NTX-Cluster-01 >>>>>>> NTX-Cluster-03
Once both sites are set up to talk to each other, we will need to come back here.
Go to the remote Site Cluster and Log in.
Go to the Data Protection section.
Then create the new remote site connection.
NTX-Cluster-013 >>>>>>> NTX-Cluster-01 ( this is for reverse sync) Basically to replicate it back if needed. In my case, it’s not. But in a Prod setup, you would want to send it back once your DR failover activities are completed.
Again once we get the sites talking I will come back here to update the mappings.
Now to check the connections from NTX-Cluster-01 >>>>>>> NTX-Cluster-03
Now, as you can see, 03 is talking to 01
Then you can see that 01 is talking to 03
NTX-Cluster-03 >>>>>>> NTX-Cluster-01
Now let’s set the mappings. We can start on NTX-Cluster-01.
Go back to the Remote Site and edit “Update” the Remote site settings.
Click on Settings, and scroll down.
Add the Network Mappings and vStore Name mappings. This is just setting up the Source and destination network and storage.
So AHV: Data-Cluster01 will send to AHV: Data-Cluster-03
My network name is the same as the test sites. This would be different in your environment based on what you have the Network name when creating a base VLAN. I used the default storage location as well on both Clusters.
Go back to the Remote Site (NTX-Cluster-03) and do the same but in reverse.
So AHV: Data-Cluster03 will send to AHV: Data-Cluster-01
My network name is the same as the test sites.
NTX-Cluster-03 updated with the remote site info.
Replication has started
On the remote tab, you can see the data completed along with start times, and then it shows outgoing.
Now, if I log into my “remote site” NTX-Cluster-03
I should see incoming and some stats. You can see it listing NTX-Cluster-01 as the remote site. This is because we are logged into NTX-Cluster-03.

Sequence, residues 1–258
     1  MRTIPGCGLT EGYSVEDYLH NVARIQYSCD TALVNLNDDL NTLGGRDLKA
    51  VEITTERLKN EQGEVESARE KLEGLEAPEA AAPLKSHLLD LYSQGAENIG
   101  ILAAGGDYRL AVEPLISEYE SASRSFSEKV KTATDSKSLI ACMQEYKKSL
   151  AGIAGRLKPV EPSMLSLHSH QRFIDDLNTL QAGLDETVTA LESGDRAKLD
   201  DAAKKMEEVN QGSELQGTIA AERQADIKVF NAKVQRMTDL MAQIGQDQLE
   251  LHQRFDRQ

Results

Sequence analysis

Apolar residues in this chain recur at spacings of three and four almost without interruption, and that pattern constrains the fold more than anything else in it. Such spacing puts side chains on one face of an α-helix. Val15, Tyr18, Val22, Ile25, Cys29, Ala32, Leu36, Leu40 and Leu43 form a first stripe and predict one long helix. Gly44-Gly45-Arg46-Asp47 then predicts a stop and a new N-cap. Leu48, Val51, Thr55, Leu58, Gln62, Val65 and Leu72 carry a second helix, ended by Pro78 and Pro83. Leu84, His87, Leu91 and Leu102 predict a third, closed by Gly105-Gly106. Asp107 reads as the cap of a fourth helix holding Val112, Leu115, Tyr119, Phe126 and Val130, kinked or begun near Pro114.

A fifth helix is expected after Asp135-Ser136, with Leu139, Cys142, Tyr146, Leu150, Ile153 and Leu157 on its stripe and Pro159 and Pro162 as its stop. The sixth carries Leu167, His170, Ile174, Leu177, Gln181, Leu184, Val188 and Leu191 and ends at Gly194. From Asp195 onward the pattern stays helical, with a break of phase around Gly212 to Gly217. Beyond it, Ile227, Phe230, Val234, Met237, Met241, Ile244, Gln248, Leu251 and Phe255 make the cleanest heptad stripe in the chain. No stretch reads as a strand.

Now it’s done:
I would like to migrate the server from NTX-Cluster-01 to NTX-Cluster-03.
Go to the source Prism Element, and click on the Async DR tab. Then click Migrate option.
Now click on Migrate.
As you can see, it’s gone from the Prod location
Check the Remote location or DR NTX-Cluster-03, and you will see it now.
Now let’s power it one.
Up and online
Now, in this case, I am going to migrate it back.
Now it will, Snapshot the VM and send it back to NTX-Cluster-01.
Now let’s check NTX-Cluster-01 and it’s back.
In the next example, I need to move most of my lab VMs from NXT-Cluster-01 to NXT-Cluster-03 to free up resources on a host.
I selected more this time.
This time around, I will let the schedule do what it needs to do. This will give you an idea of how it works.
Starts at 5 pm, and now it’s 4:53 pm.
At 5 pm we will see a local snapshot start, then it will start replicating to NTX-Cluster-03.
Now to fail them over.
Click on Async DR, The Protection Domain name, Entities.
They’re gone and now on NTX-Cluster-03.
I am powering them up now.
They are all online.
I hope you find this helpful if you want to play around with Protection domains. As I stated above, this is in my lab. But I have used this in a production environment to move workloads around. I mainly used this to move resources from one cluster to another in preparation for a data center migration involving a CVAD setup. It worked like a charm and saved me big time in areas where this was needed.